the Device Manager
So, from that, It's safe to assume it was a PCI/PCIe issue.
 

ubuysa

Moderator
Moderator
It certainly does now.

I need to do more testing, but as I've now reverted, I cannot install the latest build. XD

For what I can gather: New builds seem to be either over-writing the drivers or causing the new OS build to ignore the INF's and whatnot that the Chipset drivers installed. Because of this, the Chipset drivers won't install again as they are still there, and there is no overwrite option once the drivers are installing. But after a quick fiddle this morning, I can over-write all the files by adding on a command to the exe file. I need to over-write the drivers on the new build to see if that fixes it. If it does then Microsoft need to sort this issue out as it's now pretty serious.

In the "readme" file in the Chipset driver folder, I found this very interesting:



So, from that, It's safe to assume it was a PCI/PCIe issue.
Nice work. TBH that's probably the best result because it makes it a Microsoft problem and one they really will have to fix. How was this not picked up in the Technical Previews I wonder?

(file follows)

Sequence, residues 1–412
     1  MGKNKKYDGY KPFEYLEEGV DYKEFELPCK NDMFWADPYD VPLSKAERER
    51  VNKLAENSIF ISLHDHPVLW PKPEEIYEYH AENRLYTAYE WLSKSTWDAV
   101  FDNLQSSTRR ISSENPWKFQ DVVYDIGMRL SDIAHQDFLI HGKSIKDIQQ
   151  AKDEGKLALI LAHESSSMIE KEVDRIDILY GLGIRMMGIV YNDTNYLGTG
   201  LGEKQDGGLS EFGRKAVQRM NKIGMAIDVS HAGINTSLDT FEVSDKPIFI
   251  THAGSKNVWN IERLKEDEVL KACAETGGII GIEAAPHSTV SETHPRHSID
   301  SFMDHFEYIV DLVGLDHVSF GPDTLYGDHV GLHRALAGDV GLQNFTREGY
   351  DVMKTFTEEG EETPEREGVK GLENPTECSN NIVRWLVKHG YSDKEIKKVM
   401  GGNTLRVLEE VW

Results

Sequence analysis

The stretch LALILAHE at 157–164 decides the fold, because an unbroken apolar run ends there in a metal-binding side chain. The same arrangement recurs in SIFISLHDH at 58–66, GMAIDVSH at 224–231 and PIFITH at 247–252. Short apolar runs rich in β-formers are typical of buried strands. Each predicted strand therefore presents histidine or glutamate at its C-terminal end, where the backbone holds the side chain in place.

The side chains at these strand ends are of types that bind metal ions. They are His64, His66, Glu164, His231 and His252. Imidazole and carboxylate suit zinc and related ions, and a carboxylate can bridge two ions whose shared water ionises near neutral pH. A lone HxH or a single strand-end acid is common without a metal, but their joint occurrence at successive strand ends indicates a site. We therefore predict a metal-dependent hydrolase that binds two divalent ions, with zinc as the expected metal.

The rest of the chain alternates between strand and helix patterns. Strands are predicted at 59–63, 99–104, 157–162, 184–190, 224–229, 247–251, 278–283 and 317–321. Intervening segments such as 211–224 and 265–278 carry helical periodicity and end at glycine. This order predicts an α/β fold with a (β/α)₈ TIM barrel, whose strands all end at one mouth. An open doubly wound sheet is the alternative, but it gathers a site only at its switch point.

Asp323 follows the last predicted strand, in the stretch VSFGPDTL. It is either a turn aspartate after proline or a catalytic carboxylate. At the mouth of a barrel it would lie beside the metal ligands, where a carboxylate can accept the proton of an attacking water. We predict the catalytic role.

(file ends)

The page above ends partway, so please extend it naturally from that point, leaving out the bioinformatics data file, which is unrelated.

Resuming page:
Pagey

Bright Spark
I always had the problem in the TP's, I honestly thought It was going to be fixed once it was RTM. Never realised this was what the problem was...
 

ubuysa

Moderator
Moderator
I always had the problem in the TP's, I honestly thought It was going to be fixed once it was RTM. Never realised this was what the problem was...
Ahh. I ran the TPs in a virtual machine (VirtualBox) so the problem never appeared. I guess tons of others did too.
 

Ardderchog

New member
Windows 10 panic FYI.
I have installed Windows 10 easily on two PC’s but my laptop has proved to be a problem.